A picture paints a 1000 words as the old adage goes:
Alcohol specifically accounts for 37% of all liver disease deaths, although over 90% are due to one of the three main risk factors: alcohol, viral hepatitis and obesity. One in ten people who die in their forties die of liver disease, whilst 90% of people who die from liver disease are under 70 years old. See reports in the Telegraph, Guardian, and BBC for more about alcohol-related liver disease (ARLD)
Why is that? It is clear from the above graph that this is a health priority in terms of morbidity and mortality. Plus campaigns have been launched for all of the other areas highlighted and they are all dropping which suggests that it is a successful strategy. Even if it was launched looking at reducing deaths from obesity as the leading issue it leaves me scratching my head as to why this hasn’t happened yet. Obesity is recognised as a major public health issue in it’s own right and as I said in a previous post I wonder how much of the obesity epidemic is created by alcohol consumption not just food over-consumption?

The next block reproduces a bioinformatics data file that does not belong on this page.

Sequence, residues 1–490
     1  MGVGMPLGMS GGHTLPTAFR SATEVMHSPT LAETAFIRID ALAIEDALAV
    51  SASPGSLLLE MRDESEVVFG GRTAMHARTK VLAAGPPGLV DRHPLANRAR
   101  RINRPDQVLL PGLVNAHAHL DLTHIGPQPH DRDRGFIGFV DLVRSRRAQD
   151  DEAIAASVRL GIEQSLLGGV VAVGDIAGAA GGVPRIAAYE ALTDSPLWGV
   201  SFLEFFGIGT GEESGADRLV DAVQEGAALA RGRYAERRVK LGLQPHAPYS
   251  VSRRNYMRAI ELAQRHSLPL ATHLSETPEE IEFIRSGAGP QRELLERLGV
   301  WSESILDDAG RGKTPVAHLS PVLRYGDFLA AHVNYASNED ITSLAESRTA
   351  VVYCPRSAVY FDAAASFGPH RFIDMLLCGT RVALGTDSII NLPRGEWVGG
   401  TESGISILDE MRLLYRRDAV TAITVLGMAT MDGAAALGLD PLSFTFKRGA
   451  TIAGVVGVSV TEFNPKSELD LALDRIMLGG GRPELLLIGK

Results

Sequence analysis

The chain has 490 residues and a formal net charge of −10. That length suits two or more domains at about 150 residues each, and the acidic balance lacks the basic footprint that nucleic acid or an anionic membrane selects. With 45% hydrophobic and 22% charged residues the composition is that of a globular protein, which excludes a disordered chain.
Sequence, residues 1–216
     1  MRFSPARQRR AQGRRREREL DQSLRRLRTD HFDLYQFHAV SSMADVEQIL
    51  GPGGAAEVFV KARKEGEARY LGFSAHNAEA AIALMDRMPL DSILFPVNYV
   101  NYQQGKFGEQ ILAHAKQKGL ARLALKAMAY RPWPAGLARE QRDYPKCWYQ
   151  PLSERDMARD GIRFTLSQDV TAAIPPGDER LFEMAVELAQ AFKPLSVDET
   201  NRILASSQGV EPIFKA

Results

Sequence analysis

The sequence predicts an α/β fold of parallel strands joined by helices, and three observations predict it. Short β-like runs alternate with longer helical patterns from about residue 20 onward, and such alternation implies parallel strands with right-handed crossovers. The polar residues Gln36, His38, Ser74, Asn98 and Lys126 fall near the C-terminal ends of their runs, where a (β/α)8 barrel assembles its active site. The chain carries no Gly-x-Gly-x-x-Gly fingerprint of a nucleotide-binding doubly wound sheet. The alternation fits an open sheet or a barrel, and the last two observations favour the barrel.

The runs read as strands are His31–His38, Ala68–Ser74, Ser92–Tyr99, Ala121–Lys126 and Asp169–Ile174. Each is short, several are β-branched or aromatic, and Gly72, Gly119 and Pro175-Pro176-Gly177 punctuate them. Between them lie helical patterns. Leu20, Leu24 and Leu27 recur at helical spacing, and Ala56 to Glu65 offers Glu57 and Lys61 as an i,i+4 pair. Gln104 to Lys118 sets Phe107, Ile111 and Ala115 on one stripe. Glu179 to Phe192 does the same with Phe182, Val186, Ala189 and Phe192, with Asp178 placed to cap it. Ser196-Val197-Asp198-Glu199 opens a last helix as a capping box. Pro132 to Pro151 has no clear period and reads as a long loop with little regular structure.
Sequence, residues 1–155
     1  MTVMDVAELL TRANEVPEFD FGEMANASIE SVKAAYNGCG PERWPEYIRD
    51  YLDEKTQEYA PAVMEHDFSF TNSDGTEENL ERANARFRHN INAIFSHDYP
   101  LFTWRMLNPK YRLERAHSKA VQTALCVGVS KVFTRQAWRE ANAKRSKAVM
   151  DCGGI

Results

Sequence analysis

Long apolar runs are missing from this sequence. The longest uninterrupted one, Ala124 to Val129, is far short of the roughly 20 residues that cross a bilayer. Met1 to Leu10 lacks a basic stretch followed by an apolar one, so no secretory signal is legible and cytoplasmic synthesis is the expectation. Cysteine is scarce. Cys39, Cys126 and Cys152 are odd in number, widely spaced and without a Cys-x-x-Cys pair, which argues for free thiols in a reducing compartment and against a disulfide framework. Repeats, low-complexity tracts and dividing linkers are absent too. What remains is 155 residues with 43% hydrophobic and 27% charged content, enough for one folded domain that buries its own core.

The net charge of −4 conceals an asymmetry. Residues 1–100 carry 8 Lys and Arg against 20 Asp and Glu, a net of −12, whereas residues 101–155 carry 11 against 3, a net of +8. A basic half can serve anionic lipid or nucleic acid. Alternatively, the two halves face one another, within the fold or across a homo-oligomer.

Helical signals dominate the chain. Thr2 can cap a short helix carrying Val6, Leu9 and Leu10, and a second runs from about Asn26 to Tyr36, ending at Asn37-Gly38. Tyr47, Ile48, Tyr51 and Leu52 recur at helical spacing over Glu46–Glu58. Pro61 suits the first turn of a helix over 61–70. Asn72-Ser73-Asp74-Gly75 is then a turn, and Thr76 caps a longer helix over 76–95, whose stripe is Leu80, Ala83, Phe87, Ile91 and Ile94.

Why is the Department of Health looking the other way on this issue? Is it because real longer term outcomes would also depend on action on price, availability and marketing of alcohol and junk food and that is where the conflict of interest lies with our govt? It would involve reigning in the vested interests of corporations that fund the govt through lobbying and donations and impact on their profitability. Are the financial interests of the corporations being put before the best interests of the health of our nation? I have to conclude that the answer is yes. What do you think?